Jammed finger symptoms include many different things that you can easily notice, but the key to understanding if you have a jammed finger is knowing the different symptoms and whether those symptoms portend some of the many different issues that can lead to the feeling of a jammed finger.
When you have the initial injury, regardless of how severe the injury is, the first thing you should do right away is get ice on the injury and take some anti-inflammatory medications such as aspirin. Reducing the inflammation is key so that you can see exactly what is going on.
The first symptom you will notice is pain. Make sure you notice if the pain is radiating or if it is localized. Also, is the pain on the side of the finger or is it in the middle of the finger – and is the pain on the joint or is it in the middle of a bone? These are all sorts of questions that you need to answer before you consider the next step.
When you are dealing with a sprain, the biggest thing you should notice right away is how stable or unstable the joint is. What you will notice is the joint is unable to do things that are normal, such as holding an item. Your finger will not be able to support the weight, and will cause a fair bit of pain. That is the key with the sprain, your jammed finger’s inability to support its function.
As far as a strain goes, what you will notice is the finger is not able to move the way it should normally move – if anything the finger will not bend. Now, you may be thinking that either way the finger is not moving, and that is usually due to the swelling. That is why it is critical for you to get ice and anti-inflammatories right away – in fact, if you take anti-inflammatories every 4 hours (Aspirin is a great choice) this will greatly reduce the swelling. Once the swelling is reduced you can easily take a look at what is going on with the finger. Take a look at if your finger is bruised and where the bruises are. This will also give you a window as to the severity of the injury as well.
What Does A Jammed Finger Feel Like?
So, you may wonder what exactly a jammed finger might feel like – especially in light of these particular injuries. Sprains, strains, contusions, and even broken fingers can have lots of similar symptoms and can have many different types of pain. The thing you must understand is that the pain is critical to understanding how severe the injury is. Generally, jammed fingers occur often as sports injuries but there are some other ways that your finger can get jammed – including something as simple as getting your finger caught in a car door.
As for the pain – wow – it can be quite awful. Some of what you will feel is as simple as having a finger that throbs and the pain will be quite acute and the area hurt will be tender. The swelling will feel awful, it will be as if your finger is jammed into a vise, and ultimately for many the pain can be unbearable, but the reality is a jammed finger is one of the less painful joint injuries compared to those in the knee, ankle, elbow, shoulder and the back – yes, your back is a joint as all the vertebrae articulate.
When it comes to the tenderness, the reality is the area will always be tender until the injury heals. Of course, the tenderness will subside as the injury gets closer to healing, but in the meantime you are going to want to do pain management. This does not mean that you need opioid painkillers, instead Aspirin will help with the pain and the reason you will be in pain comes simply from the fact that the swelling puts pressure on the nerves which in turn cause the pain.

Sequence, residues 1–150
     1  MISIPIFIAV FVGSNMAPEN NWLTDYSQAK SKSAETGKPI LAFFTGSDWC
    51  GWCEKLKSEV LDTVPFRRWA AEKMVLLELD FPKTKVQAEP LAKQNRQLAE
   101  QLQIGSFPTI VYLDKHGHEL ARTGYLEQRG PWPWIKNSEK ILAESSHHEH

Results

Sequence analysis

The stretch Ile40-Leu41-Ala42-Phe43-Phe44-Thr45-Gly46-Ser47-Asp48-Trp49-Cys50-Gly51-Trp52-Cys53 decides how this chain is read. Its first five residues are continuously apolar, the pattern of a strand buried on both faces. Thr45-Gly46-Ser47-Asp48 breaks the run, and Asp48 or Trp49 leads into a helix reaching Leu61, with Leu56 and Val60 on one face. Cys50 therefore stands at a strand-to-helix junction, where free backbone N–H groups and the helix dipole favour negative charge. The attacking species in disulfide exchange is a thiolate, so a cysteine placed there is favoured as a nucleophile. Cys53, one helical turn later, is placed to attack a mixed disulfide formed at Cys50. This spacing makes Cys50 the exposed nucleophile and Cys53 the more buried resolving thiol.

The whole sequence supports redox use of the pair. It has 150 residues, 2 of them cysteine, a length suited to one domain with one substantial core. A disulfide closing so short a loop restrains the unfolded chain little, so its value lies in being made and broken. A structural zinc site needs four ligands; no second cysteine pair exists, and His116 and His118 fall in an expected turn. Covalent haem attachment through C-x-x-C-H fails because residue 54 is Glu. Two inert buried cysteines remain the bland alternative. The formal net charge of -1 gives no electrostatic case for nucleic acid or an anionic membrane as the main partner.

When dealing with the swelling or the joint instability, it feels as if your finger is extremely fat and hard to move. This is the body’s response to trauma. It works hard to repair itself but at the same time you are in a position where as it begins to adapt you are not feeling well. This is why it is important to do the RICE (Rest, Ice, Compression, Elevation) method when you initially jam your finger, it will allow you to give your body the support it needs to effectively heal the finger. The pain itself can be sharp or dull, but ultimately it varies depending on the injury and the severity.
Read more about the treatment of a jammed finger.
Jammed Finger vs. Broken Finger
There are several things that are different when diagnosing a jammed finger versus a broken finger. The first is the methodology used to assess the state of the injured finger. Generally, the first move is to do an x-ray. The x-ray will tell you if you have a regular fracture, clean break, stress fracture, or worst of all a compression fracture. If you have a jammed finger, most likely you have a sprain or a strain, and because these are soft tissue injuries, they do not show up on the x-ray.
Even if you have a broken finger, however, one thing that will happen depending on the severity of your injury will be for your hand to have an MRI or even a CAT scan. With injuries like clean breaks or compression fractures, many times surgery is required. In those cases, the doctors need to know exactly what they need to repair. With a jammed finger, the CAT Scan and the MRI assess the grade of the strain or sprain, and also can help the doctor figure out how to mend your finger.
When you have a broken finger, it is also more visible in a lot of ways, the finger will dangle unnaturally and it will be incredibly painful. With a sprain or a strain you may have some use of the finger, even in the most severe of circumstances, but when it comes to a broken finger, you will not have any use of it unless the fracture is something small like a stress fracture.